A father from Oregon makes it a mission to walk to New York and preach along the way against bullying after his teenage son gets tortured for being gay.
Mixed feelings throughout all three acts. Right off the bat, from the first flashbacks, the first impression is that a working-class dad who surprisingly supports his son for being gay does not support him enough to have him parade it in his front yard. Therefore, my question was: his problem was showing it off? Then, I thought to myself that it is biographical so if this is how it was, this is how it was. Then, I got a different problem. As the story develops, I thought that it doesn’t let you think for yourself at all; it spoon-feeds you the message all the way through. It forces you to side with Jadin by telling you – not showing you – who the “bad” guy is and who the “good” guy is in a black or white manner. Then, there is another “then”: Jadin accusing Joe for not being supportive enough, and Joe accusing Jadin for not handling it (in present era) creates a vague gray area in the film’s otherwise “black or white” scheme for the supportive people but questions their level of support. Here’s my two cents in general…
People, and more specifically bullies, need to feel what it is like to be bullied without being bullied, hated or criticised for thinking and acting the way they do. They need to understand that to other people they are as different as the people they pick on. I did some research and this is what the real Joe Bell tried to do. He was non-violently preaching against it because his son faced the consequences and he wanted, to his best abilities, to make the world a better place. A friendly for all of us place so no one has to suffer what his son did, and, consequently, any other boy, girl, man, woman, or non-binary person out there.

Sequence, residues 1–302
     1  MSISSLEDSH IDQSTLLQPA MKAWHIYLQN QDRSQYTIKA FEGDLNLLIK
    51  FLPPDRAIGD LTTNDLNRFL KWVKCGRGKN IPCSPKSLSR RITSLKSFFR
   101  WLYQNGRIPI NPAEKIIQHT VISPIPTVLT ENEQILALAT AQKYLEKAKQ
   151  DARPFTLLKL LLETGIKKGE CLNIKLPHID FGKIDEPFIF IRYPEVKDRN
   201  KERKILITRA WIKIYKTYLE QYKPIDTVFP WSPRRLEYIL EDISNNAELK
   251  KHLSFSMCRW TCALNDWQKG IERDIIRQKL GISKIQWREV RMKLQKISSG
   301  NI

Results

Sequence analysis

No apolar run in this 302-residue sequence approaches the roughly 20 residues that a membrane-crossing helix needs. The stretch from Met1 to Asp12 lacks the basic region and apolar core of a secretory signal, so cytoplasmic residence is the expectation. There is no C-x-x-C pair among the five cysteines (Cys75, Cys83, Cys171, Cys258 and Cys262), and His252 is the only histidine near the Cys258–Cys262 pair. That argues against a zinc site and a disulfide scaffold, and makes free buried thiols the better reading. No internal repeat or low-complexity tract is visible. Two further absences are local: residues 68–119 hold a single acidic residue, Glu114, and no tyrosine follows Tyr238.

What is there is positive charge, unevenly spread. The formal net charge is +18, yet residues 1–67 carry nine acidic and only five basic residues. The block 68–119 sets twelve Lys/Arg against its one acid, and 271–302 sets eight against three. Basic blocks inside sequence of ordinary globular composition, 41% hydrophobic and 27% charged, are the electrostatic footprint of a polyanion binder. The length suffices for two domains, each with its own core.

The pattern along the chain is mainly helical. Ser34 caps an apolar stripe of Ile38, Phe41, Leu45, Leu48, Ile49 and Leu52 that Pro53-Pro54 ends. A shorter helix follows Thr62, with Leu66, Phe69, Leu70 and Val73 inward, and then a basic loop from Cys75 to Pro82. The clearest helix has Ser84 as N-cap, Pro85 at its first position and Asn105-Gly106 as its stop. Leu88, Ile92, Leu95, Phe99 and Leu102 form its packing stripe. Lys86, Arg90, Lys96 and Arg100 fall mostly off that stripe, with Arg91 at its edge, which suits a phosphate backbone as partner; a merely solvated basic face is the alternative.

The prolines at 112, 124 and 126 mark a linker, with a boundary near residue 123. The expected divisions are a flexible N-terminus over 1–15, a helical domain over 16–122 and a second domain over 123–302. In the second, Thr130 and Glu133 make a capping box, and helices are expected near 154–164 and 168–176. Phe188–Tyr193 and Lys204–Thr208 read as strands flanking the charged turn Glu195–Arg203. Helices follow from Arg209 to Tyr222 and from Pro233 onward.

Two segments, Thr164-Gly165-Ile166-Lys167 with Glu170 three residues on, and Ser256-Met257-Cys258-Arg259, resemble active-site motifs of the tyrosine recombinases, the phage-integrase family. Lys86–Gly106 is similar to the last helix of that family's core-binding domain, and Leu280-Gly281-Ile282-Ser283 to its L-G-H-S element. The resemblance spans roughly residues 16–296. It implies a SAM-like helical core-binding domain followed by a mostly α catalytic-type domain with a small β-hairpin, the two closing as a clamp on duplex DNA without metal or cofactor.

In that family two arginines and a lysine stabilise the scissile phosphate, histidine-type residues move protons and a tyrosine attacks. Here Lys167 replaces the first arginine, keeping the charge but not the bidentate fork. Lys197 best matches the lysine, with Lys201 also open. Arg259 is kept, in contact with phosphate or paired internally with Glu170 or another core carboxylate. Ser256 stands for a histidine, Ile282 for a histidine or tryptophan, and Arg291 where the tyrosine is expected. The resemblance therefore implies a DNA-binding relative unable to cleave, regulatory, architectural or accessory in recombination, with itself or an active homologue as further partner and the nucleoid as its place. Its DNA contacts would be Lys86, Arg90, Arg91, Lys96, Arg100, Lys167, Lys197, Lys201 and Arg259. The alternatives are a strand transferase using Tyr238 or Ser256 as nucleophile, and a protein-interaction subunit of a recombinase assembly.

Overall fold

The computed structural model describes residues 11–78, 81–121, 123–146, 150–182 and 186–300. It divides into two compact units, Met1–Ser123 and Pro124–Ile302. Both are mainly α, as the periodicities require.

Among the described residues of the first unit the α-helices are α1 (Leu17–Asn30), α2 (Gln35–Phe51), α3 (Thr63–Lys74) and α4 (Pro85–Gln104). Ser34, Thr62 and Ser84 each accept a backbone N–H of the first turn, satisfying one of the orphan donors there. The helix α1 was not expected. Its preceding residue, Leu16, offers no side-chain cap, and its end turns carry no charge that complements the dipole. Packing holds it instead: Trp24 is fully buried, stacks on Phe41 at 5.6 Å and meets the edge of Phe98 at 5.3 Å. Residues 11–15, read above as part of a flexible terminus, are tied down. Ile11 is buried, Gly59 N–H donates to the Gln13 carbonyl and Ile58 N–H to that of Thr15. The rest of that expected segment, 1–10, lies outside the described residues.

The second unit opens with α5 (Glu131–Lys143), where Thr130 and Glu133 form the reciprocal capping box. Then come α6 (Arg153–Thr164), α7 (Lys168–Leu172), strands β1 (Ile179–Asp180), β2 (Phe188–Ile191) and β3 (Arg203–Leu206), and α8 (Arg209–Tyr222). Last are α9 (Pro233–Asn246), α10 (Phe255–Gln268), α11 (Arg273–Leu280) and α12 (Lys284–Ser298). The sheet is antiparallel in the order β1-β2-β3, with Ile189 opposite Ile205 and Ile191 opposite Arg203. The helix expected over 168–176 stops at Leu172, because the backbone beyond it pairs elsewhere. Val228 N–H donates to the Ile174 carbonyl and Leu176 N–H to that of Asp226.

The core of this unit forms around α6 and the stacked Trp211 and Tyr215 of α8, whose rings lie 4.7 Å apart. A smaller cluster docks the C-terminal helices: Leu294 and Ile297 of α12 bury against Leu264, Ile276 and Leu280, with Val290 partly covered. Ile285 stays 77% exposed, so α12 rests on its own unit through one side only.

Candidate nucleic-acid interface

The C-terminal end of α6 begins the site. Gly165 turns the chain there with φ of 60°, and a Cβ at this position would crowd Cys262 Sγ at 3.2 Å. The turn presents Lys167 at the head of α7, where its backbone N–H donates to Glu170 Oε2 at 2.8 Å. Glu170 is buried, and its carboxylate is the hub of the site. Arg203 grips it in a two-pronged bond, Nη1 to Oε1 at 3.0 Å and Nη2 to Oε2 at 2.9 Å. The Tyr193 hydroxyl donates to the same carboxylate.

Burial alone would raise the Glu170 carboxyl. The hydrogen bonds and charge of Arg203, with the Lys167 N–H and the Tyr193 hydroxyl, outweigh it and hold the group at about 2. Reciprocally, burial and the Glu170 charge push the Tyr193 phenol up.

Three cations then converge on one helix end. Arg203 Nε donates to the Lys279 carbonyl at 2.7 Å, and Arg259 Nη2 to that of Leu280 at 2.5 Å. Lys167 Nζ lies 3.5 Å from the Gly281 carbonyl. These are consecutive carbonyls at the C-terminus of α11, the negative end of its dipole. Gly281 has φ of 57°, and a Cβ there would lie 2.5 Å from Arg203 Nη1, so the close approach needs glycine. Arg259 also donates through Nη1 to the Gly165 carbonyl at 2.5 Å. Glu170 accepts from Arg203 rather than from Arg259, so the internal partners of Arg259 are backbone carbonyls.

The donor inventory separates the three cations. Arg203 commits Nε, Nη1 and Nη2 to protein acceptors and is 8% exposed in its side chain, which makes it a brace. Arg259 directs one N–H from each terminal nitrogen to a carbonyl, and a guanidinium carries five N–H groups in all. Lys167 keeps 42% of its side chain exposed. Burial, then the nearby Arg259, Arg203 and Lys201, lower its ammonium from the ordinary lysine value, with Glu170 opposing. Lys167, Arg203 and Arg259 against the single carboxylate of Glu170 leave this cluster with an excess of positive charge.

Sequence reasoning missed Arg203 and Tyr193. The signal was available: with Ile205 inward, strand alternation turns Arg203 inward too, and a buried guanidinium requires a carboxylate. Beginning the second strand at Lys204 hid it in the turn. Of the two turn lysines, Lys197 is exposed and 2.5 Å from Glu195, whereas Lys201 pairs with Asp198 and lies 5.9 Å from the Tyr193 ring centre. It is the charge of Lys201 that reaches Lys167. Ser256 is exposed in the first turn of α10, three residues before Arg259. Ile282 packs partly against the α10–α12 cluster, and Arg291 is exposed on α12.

Somehow though, Mark Wahlberg as Joe Bell, the late Larry McMurty (RIP) and Diana Ossana’s script, and Reinaldo Marcus Green’s directing does not reflect that. Joe Bell does not know where to focus on and massively holds back on the emotions it means to evoke. Take for example when his mother, Lola (Connie Britton), finds out. This should have been the moment where the toughest one breaks. And one wonders, how can this be with so many A-list names wearing the producer’s hat: Mark Wahlberg, Cary Joji Fukunaga, Jake Gyllenhaal, Paris Kassidokostas-Latsis, and 17 more…
To cut the long story short, Joe Bell makes it more about Joe Bell rather than his incredibly noble and courageous mission. Ironically, he says it himself to the sheriff while opening up. And he keeps doing it. Shame really as if it wasn’t for this film I, and potentially hundreds of thousands of others, wouldn’t have known about this mission. But the real shame is that his mission’s message doesn’t really permeate. It does not sink in and therefore there is nothing much to take away from it. And the Bell family’s story is absolutely f@£$!^% tragic!
I really do hope each of us finds an honourable way to make this world feel like… home. For everyone!
All these names in production